Enbrel, which is also known by its generic name etanercept, is a biologic medication. Enbrel has more than 16 years of collective clinical experience. The first clinical trials of Enbrel began in 1992.
In April 2004, the US Food and Drug Administration (FDA) approved it for the treatment of moderate to severe plaque psoriasis and in January 2002 for the treatment of psoriatic arthritis.
It is also approved for treating rheumatoid arthritis, juvenile rheumatoid arthritis and ankylosing spondylitis. Enbrel is administered by means of an injection that is taken by the patient himself or herself under the skin once or twice per week.
Enbrel is a medicine that definitely affects the immune system. It not only lowers the immunity to fight infections but is also known to cause serious infections such as tuberculosis (TB) and infections caused by viruses, fungi or bacteria that have spread throughout the body. Some patients have even died from these infections. Enbrel is a type of protein called a tumor necrosis factor (TNF) blocker that blocks the action of a substance called TNF made by the human body. Tumor necrosis factor is made by the body's immune system. People with immune diseases such as rheumatoid arthritis, juvenile idiopathic arthritis, ankylosing spondylitis, psoriatic arthritis and plaque psoriasis have too much TNF in their bodies. Enbrel can reduce the amount of TNF in the body. However, while enbrel obstructs the damage caused by excessive TNF, it also lowers the ability of the immune system to fight infections. Therefore, the consumption of this medicine can increase one’s susceptibility to infections or worsen any present infection.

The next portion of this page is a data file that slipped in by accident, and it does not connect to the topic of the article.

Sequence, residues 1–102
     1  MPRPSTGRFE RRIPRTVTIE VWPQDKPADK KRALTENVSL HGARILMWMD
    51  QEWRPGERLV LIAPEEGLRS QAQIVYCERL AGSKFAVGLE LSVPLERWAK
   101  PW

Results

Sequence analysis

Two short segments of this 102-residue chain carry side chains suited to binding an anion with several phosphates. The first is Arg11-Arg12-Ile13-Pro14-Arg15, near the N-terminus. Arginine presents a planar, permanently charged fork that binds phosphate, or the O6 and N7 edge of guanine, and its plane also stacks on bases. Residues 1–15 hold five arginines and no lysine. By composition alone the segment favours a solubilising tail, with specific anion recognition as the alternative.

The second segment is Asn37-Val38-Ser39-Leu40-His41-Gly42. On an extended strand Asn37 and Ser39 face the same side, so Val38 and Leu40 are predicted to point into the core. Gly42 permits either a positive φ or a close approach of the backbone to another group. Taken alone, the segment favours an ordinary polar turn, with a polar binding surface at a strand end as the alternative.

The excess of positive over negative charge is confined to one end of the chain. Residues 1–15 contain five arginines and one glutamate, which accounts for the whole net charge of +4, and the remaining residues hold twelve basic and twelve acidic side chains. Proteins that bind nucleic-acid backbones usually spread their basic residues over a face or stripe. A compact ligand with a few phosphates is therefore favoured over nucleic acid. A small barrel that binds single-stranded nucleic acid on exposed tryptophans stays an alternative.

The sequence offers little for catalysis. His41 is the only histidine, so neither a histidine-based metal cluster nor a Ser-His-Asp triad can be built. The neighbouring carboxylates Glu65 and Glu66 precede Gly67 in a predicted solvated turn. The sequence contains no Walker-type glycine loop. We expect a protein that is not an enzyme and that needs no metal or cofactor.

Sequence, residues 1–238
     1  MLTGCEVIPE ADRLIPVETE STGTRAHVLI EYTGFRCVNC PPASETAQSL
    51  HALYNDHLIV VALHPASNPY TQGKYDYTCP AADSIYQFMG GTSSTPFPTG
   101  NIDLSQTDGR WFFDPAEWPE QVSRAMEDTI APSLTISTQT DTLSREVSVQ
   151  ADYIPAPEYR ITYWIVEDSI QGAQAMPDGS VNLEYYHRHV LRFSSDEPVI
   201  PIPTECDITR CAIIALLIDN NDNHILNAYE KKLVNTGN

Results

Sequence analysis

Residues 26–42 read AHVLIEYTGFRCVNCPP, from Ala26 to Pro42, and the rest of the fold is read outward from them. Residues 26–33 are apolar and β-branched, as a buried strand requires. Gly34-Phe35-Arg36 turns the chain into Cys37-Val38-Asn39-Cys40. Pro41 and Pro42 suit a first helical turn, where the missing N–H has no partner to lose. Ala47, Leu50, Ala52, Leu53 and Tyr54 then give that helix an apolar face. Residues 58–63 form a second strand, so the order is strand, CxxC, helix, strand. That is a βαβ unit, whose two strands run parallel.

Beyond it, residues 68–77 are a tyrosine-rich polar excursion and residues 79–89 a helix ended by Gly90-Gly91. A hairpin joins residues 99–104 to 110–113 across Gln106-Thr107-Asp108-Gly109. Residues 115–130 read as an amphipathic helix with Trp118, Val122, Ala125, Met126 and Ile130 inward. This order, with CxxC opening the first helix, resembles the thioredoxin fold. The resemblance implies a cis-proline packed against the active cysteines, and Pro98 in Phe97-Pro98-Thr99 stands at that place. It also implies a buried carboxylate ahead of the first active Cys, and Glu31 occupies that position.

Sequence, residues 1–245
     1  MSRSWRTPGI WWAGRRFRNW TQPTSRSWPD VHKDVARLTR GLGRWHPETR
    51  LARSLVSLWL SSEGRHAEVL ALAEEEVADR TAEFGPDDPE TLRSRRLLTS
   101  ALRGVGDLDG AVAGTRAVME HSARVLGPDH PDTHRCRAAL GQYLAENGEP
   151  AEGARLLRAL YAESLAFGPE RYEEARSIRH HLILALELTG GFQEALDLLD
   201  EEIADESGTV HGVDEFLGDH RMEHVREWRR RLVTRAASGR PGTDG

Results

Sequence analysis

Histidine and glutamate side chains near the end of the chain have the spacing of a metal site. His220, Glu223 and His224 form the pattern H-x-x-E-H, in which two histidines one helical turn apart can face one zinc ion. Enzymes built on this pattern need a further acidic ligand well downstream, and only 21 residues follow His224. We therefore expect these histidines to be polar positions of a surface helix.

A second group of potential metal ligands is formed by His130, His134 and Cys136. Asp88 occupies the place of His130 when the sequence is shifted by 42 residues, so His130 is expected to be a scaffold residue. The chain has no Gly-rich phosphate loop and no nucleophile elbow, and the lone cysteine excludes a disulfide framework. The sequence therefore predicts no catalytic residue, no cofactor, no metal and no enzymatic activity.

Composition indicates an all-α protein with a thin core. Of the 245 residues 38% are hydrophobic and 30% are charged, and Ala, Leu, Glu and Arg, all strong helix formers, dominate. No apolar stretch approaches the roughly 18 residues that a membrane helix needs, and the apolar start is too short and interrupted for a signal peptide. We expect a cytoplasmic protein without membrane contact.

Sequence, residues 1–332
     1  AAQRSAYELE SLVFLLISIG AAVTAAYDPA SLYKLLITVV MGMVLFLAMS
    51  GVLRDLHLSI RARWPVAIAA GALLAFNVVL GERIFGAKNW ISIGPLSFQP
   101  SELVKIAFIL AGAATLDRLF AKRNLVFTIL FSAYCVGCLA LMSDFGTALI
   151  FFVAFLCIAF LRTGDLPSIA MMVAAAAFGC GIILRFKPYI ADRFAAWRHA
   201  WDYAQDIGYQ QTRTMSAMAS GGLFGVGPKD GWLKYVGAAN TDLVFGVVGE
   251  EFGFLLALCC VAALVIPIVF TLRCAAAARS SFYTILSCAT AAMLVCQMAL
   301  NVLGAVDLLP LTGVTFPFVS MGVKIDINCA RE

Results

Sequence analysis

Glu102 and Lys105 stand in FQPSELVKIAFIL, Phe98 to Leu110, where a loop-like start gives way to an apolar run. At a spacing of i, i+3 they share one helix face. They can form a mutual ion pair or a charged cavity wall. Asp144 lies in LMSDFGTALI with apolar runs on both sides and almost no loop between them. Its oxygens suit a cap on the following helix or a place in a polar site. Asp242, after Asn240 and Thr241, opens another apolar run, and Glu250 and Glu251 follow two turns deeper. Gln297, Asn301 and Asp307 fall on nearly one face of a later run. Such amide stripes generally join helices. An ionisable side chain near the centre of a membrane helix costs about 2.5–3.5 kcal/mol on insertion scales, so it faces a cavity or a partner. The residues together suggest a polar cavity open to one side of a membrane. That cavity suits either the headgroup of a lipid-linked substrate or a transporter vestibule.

Since the year 1998, enbrel has been available in the market and has been used by hundreds of thousands of patients. The common side effects of this medicine are known by studies based on patients with rheumatoid arthritis and psoriasis. Some of the mild side effects are reported to include dizziness; sore throat; cough; stomach pain, injection site reactions like redness, itching, pain, swelling; upper respiratory infections; headache and rhinitis. Most patients do not stop the intake of enbrel due to these mild side effects. Moreover, these effects are generally observed after the first dose of Enbrel and may decrease after additional doses. However, certain serious infections, including some fatalities, have also been reported with the use of enbrel. Rare cases of multiple sclerosis and other central nervous system disorders; and blood disorders resulting in persistent fever, bruising, bleeding or paleness have been observed in association with enbrel, although the connection between the disorders and the medication remains unclear. It has been studied that these infections often occur in patients using other medications that suppress the immune system. Serious infections are rare in patients taking enbrel alone.
It is advisable to evaluate patients for latent tuberculosis infections by getting a TB skin test prior to treatment with enbrel as it is important to treat any traces of hidden TB before commencing with the medication. The medication is also not recommended for those suffering from an active infection and for people having a history of recurring infections. Doctors are usually cautious while prescribing enbrel to heart patients, as there have been reports of the worsening of congestive heart failure in a small number of patients taking enbrel, as well as rare reports of new cases of congestive heart failure.
Enbrel is designed in such a way that it needs to be taken continuously to maintain improvement otherwise the symptoms of the disease tend to return. However, looking at the range of side effects, it seems essential to be vigilant and to be in continuous touch with one’s physician.
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